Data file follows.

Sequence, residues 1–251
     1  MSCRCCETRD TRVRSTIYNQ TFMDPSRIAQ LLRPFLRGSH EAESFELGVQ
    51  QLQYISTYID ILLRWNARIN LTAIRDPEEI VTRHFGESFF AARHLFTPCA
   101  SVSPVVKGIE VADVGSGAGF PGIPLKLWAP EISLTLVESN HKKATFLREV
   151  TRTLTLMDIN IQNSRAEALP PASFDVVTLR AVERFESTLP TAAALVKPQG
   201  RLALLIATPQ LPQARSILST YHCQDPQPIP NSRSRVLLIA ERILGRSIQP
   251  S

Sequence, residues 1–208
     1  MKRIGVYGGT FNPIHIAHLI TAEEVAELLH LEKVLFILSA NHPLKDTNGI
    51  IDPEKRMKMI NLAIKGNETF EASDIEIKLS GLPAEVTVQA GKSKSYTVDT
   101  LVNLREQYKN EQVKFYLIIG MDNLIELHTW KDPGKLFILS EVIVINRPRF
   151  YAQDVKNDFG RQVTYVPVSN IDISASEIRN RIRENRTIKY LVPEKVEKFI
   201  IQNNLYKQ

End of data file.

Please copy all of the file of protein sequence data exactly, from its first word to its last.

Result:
Sequence, residues 1–251
     1  MSCRCCETRD TRVRSTIYNQ TFMDPSRIAQ LLRPFLRGSH EAESFELGVQ
    51  QLQYISTYID ILLRWNARIN LTAIRDPEEI VTRHFGESFF AARHLFTPCA
   101  SVSPVVKGIE VADVGSGAGF PGIPLKLWAP EISLTLVESN HKKATFLREV
   151  TRTLTLMDIN IQNSRAEALP PASFDVVTLR AVERFESTLP TAAALVKPQG
   201  RLALLIATPQ LPQARSILST YHCQDPQPIP NSRSRVLLIA ERILGRSIQP
   251  S

Sequence, residues 1–208
     1  MKRIGVYGGT FNPIHIAHLI TAEEVAELLH LEKVLFILSA NHPLKDTNGI
    51  IDPEKRMKMI NLAIKGNETF EASDIEIKLS GLPAEVTVQA GKSKSYTVDT
   101  LVNLREQYKN EQVKFYLIIG MDNLIELHTW KDPGKLFILS EVIVINRPRF
   151  YAQDVKNDFG RQVTYVPVSN IDISASEIRN RIRENRTIKY LVPEKVEKFI
   201  IQNNLYKQ